OKLAHOMA CITY - Unity seems to inspire win-win situations. In its 24th year of operation, the United National Indian Tribal Youth Inc. is still growing and, as always, needing funds to support necessary programs assisting tribal youths around the country.
With more than 200 youth councils in 32 states, that's a big job.
Providing a national identity, as well as a forum and networking base for Indian youth, UNITY promotes personal development, citizenship and leadership among Native American youth. Its mission is to "foster the spiritual, mental, physical and social development of American Indian and Alaska Native youth and to build a strong, unified and self-reliant Native America through greater youth involvement."
In addition to providing leadership to the national youth councils, every year UNITY holds a five-day national conference.
To help fund its activities, UNITY has spun off the for-profit UNITY Enterprises. J.R. Cook, founder and executive director, says that with its creation, the organization has made an encouraging move toward self-sufficiency.
The first business endeavor is a partnership with Tulsa-based Interchange PMP. The prescription-benefit management company offers companies a specialized prescription card program with low prescription costs plus rebates to companies involved.
"One of the ways they make money is that they get rebates for using certain types of medication back from the manufacturer," says Interchange PMP President Mark Lewandowski.
"In most cases those rebates go back to the person who sponsors the plan, like a fully insured carrier would get that money back or a self-funded organization would get money back."
Before he met with Cook, Lewandowski says he had been asking himself, 'Why aren't Indian tribes getting those dollars back?' When he heard about UNITY and the Native American youth councils, he says he got really excited, seeing a way to help the tribes and help Native American youth at the same time.
Lewandowski met with Cook and described the program. He suggested a partnership where a for-profit arm of UNITY could negotiate with tribes to subscribe to the prescription benefit management program, while permitting manufacturer rebates to be directed to the non-profit youth organization, UNITY.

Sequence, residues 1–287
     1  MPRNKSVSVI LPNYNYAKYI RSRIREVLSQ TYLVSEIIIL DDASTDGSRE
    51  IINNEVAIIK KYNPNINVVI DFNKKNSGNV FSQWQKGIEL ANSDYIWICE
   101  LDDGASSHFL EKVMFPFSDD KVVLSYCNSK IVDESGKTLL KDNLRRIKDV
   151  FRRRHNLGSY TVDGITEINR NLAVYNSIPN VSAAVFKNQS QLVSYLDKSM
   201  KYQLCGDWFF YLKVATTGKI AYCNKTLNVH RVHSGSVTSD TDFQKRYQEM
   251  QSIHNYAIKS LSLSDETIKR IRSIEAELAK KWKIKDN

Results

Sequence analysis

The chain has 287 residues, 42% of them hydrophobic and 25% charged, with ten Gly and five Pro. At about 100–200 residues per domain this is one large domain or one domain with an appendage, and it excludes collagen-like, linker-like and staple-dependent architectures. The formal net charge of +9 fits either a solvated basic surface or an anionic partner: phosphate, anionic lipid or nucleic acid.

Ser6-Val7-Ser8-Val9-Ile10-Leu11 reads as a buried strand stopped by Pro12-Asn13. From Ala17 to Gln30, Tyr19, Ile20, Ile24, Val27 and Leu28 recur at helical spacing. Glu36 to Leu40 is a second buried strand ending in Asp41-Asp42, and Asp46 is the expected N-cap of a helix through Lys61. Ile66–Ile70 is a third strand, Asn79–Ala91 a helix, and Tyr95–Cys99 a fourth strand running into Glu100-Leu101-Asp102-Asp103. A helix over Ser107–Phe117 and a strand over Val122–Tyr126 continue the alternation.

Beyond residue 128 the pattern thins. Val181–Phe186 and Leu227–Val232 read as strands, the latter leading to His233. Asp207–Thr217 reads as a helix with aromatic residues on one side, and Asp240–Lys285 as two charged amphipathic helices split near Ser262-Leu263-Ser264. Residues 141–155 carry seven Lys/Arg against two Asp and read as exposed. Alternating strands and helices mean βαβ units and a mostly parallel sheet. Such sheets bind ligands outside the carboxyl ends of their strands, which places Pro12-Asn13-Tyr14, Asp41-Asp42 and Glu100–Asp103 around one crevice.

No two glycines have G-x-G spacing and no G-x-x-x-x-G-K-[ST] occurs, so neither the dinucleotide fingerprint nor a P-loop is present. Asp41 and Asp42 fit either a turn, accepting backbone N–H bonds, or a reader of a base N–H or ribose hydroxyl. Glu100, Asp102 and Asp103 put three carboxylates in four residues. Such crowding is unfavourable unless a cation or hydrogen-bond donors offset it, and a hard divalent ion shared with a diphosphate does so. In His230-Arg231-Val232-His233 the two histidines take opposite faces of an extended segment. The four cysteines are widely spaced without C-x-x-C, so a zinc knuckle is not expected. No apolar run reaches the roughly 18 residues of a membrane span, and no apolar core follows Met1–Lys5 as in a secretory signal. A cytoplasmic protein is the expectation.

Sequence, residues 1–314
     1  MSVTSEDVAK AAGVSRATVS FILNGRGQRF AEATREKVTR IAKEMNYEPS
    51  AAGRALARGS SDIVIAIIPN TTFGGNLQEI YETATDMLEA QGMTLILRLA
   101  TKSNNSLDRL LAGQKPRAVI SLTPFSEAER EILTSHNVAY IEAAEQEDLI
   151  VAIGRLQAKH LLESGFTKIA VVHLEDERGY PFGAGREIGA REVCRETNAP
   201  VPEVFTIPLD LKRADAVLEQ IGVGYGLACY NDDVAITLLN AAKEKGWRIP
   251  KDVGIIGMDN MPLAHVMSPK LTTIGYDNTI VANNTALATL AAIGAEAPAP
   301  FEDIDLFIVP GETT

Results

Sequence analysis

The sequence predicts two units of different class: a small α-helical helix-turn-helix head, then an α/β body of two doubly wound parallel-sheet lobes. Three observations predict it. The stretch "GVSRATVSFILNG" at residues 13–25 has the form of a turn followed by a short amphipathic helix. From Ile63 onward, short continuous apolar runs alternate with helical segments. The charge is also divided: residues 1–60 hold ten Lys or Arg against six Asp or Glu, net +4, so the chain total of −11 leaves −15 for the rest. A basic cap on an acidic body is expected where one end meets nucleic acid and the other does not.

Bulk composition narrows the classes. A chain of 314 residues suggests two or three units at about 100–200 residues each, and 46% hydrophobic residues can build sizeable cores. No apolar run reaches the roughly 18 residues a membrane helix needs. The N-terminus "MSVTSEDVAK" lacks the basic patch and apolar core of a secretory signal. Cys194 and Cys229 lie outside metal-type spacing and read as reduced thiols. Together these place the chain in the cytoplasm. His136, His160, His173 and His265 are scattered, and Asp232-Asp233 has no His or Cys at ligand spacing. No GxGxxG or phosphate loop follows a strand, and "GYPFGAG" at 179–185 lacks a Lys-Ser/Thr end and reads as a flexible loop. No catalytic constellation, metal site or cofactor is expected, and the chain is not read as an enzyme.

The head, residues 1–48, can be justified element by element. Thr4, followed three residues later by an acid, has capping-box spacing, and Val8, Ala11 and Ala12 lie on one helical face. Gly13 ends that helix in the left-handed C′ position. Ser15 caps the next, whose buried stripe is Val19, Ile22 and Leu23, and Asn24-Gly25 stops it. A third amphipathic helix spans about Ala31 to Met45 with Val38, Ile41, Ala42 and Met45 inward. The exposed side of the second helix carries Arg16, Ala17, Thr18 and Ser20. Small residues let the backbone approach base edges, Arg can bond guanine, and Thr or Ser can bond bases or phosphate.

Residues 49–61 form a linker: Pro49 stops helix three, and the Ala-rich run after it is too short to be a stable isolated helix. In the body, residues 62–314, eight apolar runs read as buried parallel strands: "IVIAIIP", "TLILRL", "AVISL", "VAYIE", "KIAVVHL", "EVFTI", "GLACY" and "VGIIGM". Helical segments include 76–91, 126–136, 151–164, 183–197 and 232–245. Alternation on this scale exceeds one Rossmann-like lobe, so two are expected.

"Some of those proceeds go to carry the costs or cover the costs of medications and processing of the claims that we do," says Lewandowski. "But why couldn't we be throwing that (rebate) money back into an organization that benefits tribal youth?"
The program started with Interchange PMP developing a pharmacy network for participating tribes. Tribes use the networks to buy prescriptions for members and employees at significant discounts. An additional benefit is that the PMP computer system monitors the prescriptions and works with the pharmacies in a drug-utilization review process to help assure that people taking medications will not combine prescriptions that could lead to adverse effects.
Other benefits include 24-hour pharmacy access, mail order and Internet pharmacies, disease-management support and a larger network of pharmacies to choose from.
In the second year of the business partnership, UNITY Enterprises and Interchange PMP are working with several national pharmacy chains to acquire prescriptions that can match the low tribal rate for tribal members. The companies are serving a handful of tribes providing prescription benefits for their non-Native tribal employees.
Cook and Lewandowski estimate that with "moderate tribal support" in the next five years, they could secure rebate dollars that would add $200,000 a year to UNITY coffers.
"The vision I want to see is ... that we can expand programs to handle staffing that needs to be done ... and to consider regional offices or at least training teams that when needed (by the different youth groups) they could be on call," says Cook. "I want to see UNITY on a solid financial base."
And, Cook wants UNITY headquarters to continue to serve as a role model for the UNITY youth councils around the country in the economics department as well as other arenas.
"Some (youth councils) are fully developed with total funding from the tribe with full-time staffing and plenty of funds to do what they want to do," says Cook. "At the other end of the spectrum is a youth council that has a volunteer adviser and for everything, from travel to conferences to new projects, they have to fund raise. Most are somewhere in between."
As an organization that teaches the importance of economic sovereignty, UNITY is taking its own advice about business opportunities and is planning how to get ahead and hold its own in the future.